Preda Deutsch Website


December 19, 2012 · 


One Christmas day during the children’s Christmas party at the Preda Home for Girls, I noticed the youngest group of three little girls (average 9 years old) who are survivors and making a great recovery sitting around; one very sad looking girl is called Angeline. They gave her their miniature stuffed toys that they had received as part of the surprise Christmas gift package they had pulled out of the lucky dip bin.

I watched as they gave her a stuffed Kermit the Frog, a teddy bear and a yellow Big Bird. Not an easy thing to do for small children to give away their toys, I wondered why. Then one-by-one, they hugged her and that sad frightened face broke into a big smile and she put down the toys on the floor and hugged each one back. Then they all took up the toys and scampered away across the hall holding hands to play happily as friends in a corner near the Christmas tree and talk among themselves, sharing some secrets most likely and promising to be friends forever as children do. I nodded to the Preda social worker who had been comforting Angeline earlier to no avail and she too had noticed the exchange and how the children were healing each other.

A little sharing and self-sacrifice had been done. Friendship had been made, love was shared, gifts given and a bond had been formed. They had found happiness that Christmas day and hopefully or many days thereafter, even for their whole lives. They who have been loved and valued as children are the happiest, most successful people in later life. Those who survive deprivation and unhappiness and heal through friendship become an even greater success. Angeline and the other children, all survivors, had been long denied that love in their childhood by their families and were abused instead of being loved and cherished. The resilience and courage of little children is amazing as they slowly recover from some very bad experiences.

Angeline was a new arrival, a victim of some terrible abuse like the other 45 children finding safety and happiness at the Preda children’s home. It was taking time for her to adjust and find friends and feel at home. She was not eating normally. This is not unusual for new arrivals but as I found out later she was especially depressed, because of the Christmas gift she had pulled from the gift bin.

Her stuffed toy was a wicked-looking smiling snake with a red tongue. She was shocked as it reminded her of something and someone who had hurt her many times. Angeline broke into tears and ran weeping to hide in a corner. Margarita, the social worker, immediately went to her and held her hand and tried to comfort her. When that failed and Margarita went to get a glass of water for her, the three children went to Angeline to give her their gifts. It was their sharing and friendship that lifted her out of depression and misery and brought Angeline a gift of hope and the possibility of trust.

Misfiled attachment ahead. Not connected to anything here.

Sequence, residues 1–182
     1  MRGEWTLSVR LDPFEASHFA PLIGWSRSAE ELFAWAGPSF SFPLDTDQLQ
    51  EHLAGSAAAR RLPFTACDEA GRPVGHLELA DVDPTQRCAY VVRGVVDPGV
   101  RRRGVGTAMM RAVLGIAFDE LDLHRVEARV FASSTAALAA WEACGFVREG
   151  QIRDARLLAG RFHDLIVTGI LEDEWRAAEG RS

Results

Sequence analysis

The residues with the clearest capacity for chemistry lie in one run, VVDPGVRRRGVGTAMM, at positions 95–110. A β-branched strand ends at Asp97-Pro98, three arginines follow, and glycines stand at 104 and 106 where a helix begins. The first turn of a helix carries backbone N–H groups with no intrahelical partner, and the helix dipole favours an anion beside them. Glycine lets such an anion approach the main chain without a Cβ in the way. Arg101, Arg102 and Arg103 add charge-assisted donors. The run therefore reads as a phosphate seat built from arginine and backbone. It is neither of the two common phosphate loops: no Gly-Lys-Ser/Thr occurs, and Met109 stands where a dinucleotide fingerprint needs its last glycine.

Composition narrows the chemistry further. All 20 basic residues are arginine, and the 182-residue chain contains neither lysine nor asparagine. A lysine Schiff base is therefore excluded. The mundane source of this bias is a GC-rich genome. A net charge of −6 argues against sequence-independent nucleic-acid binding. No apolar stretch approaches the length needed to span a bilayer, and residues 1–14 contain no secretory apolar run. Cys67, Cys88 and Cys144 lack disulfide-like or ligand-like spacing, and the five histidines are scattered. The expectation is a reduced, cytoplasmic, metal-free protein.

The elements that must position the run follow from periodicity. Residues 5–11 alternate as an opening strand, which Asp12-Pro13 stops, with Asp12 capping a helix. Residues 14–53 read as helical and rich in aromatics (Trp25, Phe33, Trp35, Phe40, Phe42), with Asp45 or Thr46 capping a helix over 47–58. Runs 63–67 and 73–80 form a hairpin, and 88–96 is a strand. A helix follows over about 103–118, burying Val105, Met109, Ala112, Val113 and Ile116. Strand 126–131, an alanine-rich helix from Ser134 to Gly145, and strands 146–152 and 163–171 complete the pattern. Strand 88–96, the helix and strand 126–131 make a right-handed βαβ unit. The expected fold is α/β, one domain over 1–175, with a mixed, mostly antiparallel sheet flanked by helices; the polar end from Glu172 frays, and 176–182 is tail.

After a childhood of betrayal by those supposed to love her, it was the goodness and silent understanding of those who had endured the same hurt that restored her childhood and brought her to a world of friendship and happiness and put aside the painful memories. Later I saw her joining in the games and eating a hearty Christmas meal. She was then on the road to recovery.

Children can help heal a broken world but they need their parents’ loving care and protection to grow up to be strong minded people, capable of loving others, of being affectionate, gentle and yet strong, disciplined and positive achievers. Yet Angeline found friendship and became such a person against the odds, against the possible cruel effect of rejection, beatings and abuse, she embraced love and did not become a bitter hate-filled adult. So many unloved children grow up filled with a desire for revenge so many young people sadly and tragically turn to violent acts against others especially children.

The first Christmas of Angeline at Preda was the start of her new life. In the emotional release therapy conducted over eight months, her repressed hurt and pain came out in emotional outbursts of crying, howling and shouting. “Why, why did you abuse me, instead of loving me, you are parents, I am your child”. She was reliving the suffering but getting it out of the deepest recess of hidden hurt. Her new friends were there in the therapy room with the therapist to support and strengthen her through the ordeal.

In the affirming, supportive and empowering influence of the Preda caring family, Angeline’s capacity to learn grew quickly and she went on to finish high school, became the valedictorian and graduated from college with a degree in psychology. She returned to Preda to work and help the other children that had suffered assault and abuse. She is happily married and Angeline will be here to guide and help the new arrivals experience the welcome and happiness of the first Christmas at the Preda children’s home.


(Fr. Shay’s columns are published in The Manila Times, in publications in Ireland, the UK, Hong Kong, and on-line.)

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